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Elections : les élus sortants de Tarahoi se préparent…

Faa'a / election / urne Les élus sortants de l’Assemblée de Polynésie française se bousculent au portillon des prochaines listes électorales. Le choix risque d’être cornélien, notamment pour l
polynésie

Elections : les élus sortants de Tarahoi se préparent…

Faa'a / election / urne Les élus sortants de l’Assemblée de Polynésie française se bousculent au portillon des prochaines listes électorales. Le choix risque d’être cornélien, notamment pour le Tapura Huiraatira… Tout le monde veut être en position éligible. polynesie1ere.fr, Aiata Tarahu

Un nouveau pont à Motu Uta

Un nouveau pont à Motu Uta Le nouveau pont prévu à Motu Uta devrait voir le jour en octobre prochain. Un confort de travail, une meilleure sécurité... Cet investissement est attendu par les professionnels de la zone. polynesie1e
polynésie

Un nouveau pont à Motu Uta

Un nouveau pont à Motu Uta Le nouveau pont prévu à Motu Uta devrait voir le jour en octobre prochain. Un confort de travail, une meilleure sécurité... Cet investissement est attendu par les professionnels de la zone. polynesie1ere.fr, Stéphane Ratinaud, Patita Savea

Un homme décède suite à un malaise

Un homme décède suite à une malaise Ce vendredi 5 janvier, un quinquagénaire a été victime d'un malaise à Arue. Malgré un massage cardiaque prodigué par les pompiers, l'homme est décédé
polynésie

Un homme décède suite à un malaise

Un homme décède suite à une malaise Ce vendredi 5 janvier, un quinquagénaire a été victime d'un malaise à Arue. Malgré un massage cardiaque prodigué par les pompiers, l'homme est décédé.  polynesie1ere.fr, TR

Les Amérindiens sont venus de Sibérie

Amérindiens de Guyane C'est une nouvelle étude génétique, publiée dans la revue scientifique Nature qui le révèle. Le peuplement des Amériques du Nord et du Sud s'est fait par les Sibériens eur
polynésie

Les Amérindiens sont venus de Sibérie

Amérindiens de Guyane C'est une nouvelle étude génétique, publiée dans la revue scientifique Nature qui le révèle. Le peuplement des Amériques du Nord et du Sud s'est fait par les Sibériens eurasiatiques via le détroit de Béring, entre la Sibérie et l'Alaska, il y a 20.000 ans. polynesie1ere.fr avec AFP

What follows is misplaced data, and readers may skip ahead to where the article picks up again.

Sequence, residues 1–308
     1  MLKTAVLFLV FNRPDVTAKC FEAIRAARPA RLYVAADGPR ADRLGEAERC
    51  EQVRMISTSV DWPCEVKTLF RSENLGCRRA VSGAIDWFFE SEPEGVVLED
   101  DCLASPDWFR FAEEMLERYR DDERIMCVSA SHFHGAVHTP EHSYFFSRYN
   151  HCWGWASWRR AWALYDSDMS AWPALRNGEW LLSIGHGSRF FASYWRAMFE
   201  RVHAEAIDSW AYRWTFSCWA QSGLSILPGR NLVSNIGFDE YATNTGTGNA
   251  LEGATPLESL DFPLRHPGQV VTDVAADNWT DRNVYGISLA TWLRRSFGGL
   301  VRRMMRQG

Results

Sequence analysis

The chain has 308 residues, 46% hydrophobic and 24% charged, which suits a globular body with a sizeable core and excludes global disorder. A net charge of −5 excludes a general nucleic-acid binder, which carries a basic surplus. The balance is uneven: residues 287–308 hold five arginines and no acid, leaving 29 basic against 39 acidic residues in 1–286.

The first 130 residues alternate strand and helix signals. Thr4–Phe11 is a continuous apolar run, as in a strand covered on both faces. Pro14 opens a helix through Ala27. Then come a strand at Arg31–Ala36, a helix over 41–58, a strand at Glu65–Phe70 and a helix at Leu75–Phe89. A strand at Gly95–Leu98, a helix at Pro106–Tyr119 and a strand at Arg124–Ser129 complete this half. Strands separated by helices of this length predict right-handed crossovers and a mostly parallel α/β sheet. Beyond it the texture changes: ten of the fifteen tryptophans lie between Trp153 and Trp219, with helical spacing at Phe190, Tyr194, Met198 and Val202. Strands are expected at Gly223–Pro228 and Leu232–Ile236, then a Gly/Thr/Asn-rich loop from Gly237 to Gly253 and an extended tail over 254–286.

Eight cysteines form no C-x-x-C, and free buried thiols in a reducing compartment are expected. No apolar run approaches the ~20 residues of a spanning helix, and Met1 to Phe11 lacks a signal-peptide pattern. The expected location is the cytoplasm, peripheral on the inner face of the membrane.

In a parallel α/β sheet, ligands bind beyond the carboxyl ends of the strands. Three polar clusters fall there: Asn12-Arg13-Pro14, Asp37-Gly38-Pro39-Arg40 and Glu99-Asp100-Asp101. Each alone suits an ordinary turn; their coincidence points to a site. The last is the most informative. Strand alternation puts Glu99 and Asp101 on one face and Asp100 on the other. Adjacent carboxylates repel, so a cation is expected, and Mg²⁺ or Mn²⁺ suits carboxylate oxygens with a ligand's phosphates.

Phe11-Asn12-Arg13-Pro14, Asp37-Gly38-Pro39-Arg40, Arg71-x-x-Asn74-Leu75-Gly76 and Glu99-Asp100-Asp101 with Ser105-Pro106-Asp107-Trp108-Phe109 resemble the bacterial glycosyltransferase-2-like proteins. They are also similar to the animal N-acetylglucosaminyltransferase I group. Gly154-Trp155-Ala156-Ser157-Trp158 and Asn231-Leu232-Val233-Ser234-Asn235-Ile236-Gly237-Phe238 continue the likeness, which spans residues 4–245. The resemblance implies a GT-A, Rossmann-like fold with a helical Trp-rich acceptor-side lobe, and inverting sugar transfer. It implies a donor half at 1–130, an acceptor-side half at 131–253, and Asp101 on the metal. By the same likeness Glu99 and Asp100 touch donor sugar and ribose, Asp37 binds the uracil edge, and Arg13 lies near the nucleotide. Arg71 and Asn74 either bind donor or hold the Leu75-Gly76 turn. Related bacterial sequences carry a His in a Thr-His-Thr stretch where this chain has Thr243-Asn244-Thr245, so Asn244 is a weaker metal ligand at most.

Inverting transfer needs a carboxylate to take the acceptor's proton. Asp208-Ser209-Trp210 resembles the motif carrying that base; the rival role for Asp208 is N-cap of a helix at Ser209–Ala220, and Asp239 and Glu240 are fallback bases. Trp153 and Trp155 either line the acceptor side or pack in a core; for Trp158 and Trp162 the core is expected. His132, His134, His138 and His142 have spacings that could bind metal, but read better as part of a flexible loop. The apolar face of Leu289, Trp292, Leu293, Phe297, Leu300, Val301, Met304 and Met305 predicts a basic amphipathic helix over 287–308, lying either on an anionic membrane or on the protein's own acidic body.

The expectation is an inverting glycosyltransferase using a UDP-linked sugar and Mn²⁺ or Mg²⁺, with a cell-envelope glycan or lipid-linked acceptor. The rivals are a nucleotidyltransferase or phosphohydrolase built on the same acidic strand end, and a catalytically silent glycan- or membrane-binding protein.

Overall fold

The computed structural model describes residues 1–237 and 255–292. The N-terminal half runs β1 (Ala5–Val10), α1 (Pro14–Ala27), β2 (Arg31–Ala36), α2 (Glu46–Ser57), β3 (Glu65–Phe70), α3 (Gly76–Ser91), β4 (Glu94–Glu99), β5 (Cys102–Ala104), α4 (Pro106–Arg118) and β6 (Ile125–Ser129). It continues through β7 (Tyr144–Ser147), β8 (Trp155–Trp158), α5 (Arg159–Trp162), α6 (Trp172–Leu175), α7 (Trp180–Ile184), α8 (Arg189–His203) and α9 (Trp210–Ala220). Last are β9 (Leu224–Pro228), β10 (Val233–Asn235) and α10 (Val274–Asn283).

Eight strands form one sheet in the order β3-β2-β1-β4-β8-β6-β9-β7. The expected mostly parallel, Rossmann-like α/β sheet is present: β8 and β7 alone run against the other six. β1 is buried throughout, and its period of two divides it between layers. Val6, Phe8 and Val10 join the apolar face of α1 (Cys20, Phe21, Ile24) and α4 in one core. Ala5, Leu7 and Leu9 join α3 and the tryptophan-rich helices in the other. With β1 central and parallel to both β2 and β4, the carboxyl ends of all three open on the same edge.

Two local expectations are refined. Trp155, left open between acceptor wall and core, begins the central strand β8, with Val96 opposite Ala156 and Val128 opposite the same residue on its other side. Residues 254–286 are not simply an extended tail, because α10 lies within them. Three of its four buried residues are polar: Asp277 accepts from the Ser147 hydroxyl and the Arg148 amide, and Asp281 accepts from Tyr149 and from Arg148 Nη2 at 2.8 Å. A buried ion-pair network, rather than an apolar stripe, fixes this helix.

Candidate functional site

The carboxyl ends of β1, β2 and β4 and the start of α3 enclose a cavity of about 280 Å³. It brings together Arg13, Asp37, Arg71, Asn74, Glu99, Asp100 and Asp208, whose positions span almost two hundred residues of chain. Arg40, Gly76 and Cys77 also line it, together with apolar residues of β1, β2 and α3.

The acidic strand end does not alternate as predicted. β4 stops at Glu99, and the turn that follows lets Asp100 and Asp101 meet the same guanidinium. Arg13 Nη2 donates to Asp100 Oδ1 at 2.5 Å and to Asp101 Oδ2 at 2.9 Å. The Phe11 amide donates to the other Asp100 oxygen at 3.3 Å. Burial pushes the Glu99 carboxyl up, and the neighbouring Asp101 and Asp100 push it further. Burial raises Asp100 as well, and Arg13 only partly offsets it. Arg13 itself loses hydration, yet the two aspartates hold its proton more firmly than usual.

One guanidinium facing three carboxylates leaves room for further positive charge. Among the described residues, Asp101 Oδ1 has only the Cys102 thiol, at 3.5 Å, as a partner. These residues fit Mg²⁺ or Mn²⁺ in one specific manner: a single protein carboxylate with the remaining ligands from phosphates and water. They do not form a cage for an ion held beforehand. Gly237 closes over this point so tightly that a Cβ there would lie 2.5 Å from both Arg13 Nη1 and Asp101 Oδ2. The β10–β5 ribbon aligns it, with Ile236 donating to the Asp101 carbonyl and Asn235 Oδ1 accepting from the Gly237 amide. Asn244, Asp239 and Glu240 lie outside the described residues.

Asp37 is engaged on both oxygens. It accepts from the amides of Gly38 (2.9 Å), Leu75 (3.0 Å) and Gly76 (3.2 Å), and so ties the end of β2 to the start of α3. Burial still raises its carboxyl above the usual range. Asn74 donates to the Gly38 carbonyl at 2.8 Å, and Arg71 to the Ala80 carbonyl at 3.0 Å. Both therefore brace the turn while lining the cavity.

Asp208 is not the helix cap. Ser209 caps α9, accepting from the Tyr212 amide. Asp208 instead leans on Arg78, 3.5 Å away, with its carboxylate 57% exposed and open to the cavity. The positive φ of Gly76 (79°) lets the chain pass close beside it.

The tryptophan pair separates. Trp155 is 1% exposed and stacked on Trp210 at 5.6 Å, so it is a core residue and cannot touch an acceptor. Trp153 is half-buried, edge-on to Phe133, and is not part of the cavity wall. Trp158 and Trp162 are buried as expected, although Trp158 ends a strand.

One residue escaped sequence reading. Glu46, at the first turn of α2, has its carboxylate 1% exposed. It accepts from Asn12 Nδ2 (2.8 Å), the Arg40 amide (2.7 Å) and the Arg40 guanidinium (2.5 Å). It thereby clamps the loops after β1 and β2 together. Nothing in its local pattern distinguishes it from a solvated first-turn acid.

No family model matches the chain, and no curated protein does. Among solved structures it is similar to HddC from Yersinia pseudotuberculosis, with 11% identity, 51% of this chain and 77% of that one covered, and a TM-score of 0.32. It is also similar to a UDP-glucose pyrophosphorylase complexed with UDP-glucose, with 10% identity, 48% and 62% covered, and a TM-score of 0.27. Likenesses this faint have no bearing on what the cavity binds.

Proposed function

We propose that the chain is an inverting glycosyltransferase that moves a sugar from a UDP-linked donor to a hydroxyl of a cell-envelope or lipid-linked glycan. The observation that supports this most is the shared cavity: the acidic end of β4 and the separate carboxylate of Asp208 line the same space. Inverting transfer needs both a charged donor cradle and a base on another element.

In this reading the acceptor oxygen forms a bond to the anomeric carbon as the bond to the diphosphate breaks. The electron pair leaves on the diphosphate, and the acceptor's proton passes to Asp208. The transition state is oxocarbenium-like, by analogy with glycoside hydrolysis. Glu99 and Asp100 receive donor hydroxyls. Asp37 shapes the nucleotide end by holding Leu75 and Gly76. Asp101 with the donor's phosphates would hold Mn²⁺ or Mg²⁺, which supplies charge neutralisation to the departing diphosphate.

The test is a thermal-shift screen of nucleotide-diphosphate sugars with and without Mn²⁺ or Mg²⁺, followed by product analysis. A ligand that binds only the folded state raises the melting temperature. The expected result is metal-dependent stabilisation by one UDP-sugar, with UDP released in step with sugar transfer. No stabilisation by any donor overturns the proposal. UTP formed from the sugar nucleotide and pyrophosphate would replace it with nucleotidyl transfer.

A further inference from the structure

Boire ou conduire, il faut choisir !

A la moindre trace d'alcool, la voiture ne démarre pas A 24h du 31 décembre et de célébrer le réveillon de la Saint-Sylvestre, il est utile de vous rappeler quelques conseils de prudence. Sur les routes, comme avec les p&eac
polynésie

Boire ou conduire, il faut choisir !

A la moindre trace d'alcool, la voiture ne démarre pas A 24h du 31 décembre et de célébrer le réveillon de la Saint-Sylvestre, il est utile de vous rappeler quelques conseils de prudence. Sur les routes, comme avec les pétards. polynesie1ere.fr

Inquiétude des agriculteurs de Raivavae

oiseau de Raivavae De nombreuses espèces nuisibles ont été introduites sur cette île des Australes. En période chaude, comme c'est le cas actuellement, certaines espèces prolifèrent. Du coup, les agriculteu
polynésie

Inquiétude des agriculteurs de Raivavae

oiseau de Raivavae De nombreuses espèces nuisibles ont été introduites sur cette île des Australes. En période chaude, comme c'est le cas actuellement, certaines espèces prolifèrent. Du coup, les agriculteurs tentent de trouver des solutions pour sauver leurs productions. polynesie1ere.fr, Arthur Tiarii, Heiata Buluc

Le Brando menacé de grève

Nouvelle récompense internationale pour The Brando Les syndicats "O oe to oe rima" et CSIP ont déposé un préavis de grève concernant une partie du personnel de l'hôtel "The Brando" de Tetiaroa. Le mo
polynésie

Le Brando menacé de grève

Nouvelle récompense internationale pour The Brando Les syndicats "O oe to oe rima" et CSIP ont déposé un préavis de grève concernant une partie du personnel de l'hôtel "The Brando" de Tetiaroa. Le mouvement sera effectif le 1er janvier si aucun accord n'est trouvé d'ici là. Polynénsie 1ere,

NATO film glorifying Nazi collaborators

Several Russian officials and politicians, including the foreign ministry spokesperson, criticized a documentary about the ‘Forest Brothers’ – pro-Nazi guerillas from the Baltic nations – recently released by NATO.

“I remember that 6

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NATO film glorifying Nazi collaborators

Several Russian officials and politicians, including the foreign ministry spokesperson, criticized a documentary about the ‘Forest Brothers’ – pro-Nazi guerillas from the Baltic nations – recently released by NATO.

“I remember that 6 months ago the international community, including the leading mass media, was discussing whether Holocaust-themed dance shows should be allowed. I have a strong hope that these same people who claim that they care a lot about the tragic pages of history will also give their appraisal to this appalling stunt by NATO. I also hope that no one needs a reminder concerning mass executions performed by those who later started calling themselves Forest Brothers,” Russian Foreign Ministry spokesperson Maria Zakharova wrote on her Facebook page.